Ancient wisdom meets the cutting-edge technology:

The AcuGraph® Digital Meridian Imaging™ system is a computerized tool used to analyze and document the energetic status of the acupuncture meridians. Your healthcare practitioner will use the system in a short examination by touching a moistened probe to acupuncture points on your hands and feet.Dr. Wilson points out that Dr. Yoshio Nakatani associated acumeridians with the autonomic nervous system — in “A Guide for the Application of Ryodoraku Therapy Electrical Acupuncture, a New Autonomic Nerve Regulating Therapy.”

What is AcuGraph?

The AcuGraph Digital Meridian Imaging system is a computerized tool used to analyze and document the energetic status of the acupuncture meridians. Your healthcare practitioner will use the system in a short examination by touching a moistened probe to specific acupuncture points on your hands and feet.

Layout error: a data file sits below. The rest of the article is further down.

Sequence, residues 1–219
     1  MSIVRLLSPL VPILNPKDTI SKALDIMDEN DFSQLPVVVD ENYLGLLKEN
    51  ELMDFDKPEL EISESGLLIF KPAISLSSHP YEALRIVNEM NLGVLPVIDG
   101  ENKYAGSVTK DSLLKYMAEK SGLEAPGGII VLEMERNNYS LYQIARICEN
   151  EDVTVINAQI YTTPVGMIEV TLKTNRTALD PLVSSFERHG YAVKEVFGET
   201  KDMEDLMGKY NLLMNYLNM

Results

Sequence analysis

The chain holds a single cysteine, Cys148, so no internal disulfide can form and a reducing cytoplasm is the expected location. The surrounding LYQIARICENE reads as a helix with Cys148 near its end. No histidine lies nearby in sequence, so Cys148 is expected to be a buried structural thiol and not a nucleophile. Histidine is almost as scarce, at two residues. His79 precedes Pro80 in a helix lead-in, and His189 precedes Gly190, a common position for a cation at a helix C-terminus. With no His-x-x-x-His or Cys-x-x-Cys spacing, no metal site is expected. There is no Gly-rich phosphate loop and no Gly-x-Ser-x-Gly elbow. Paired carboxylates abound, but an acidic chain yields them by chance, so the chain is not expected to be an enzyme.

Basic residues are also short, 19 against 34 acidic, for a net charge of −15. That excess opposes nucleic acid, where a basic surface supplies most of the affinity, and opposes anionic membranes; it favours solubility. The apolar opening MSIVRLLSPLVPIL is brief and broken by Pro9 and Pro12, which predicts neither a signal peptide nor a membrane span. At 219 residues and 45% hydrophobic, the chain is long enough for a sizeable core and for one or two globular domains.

What are Acupuncture Meridians?

Acupuncture meridians are invisible energy pathways in your body that have been used therapeutically for over 5000 years. These meridians conduct life-force energy, or Qi (pronounced “chee”) in and around all the parts of your body. [Dr. Wilson points out that recent decades have brought many references to Hyaluronic Acid as a key molecule in the fascia that protects the conduction of electromagnetic energy.] Blockage or interference in these meridian pathways can result in energetic imbalances that may contribute to negative health conditions. The primary goal of acumeridian treatment is to restore energetic balance and proper energy flow to these meridians, thus allowing your body to function normally and return to health naturally.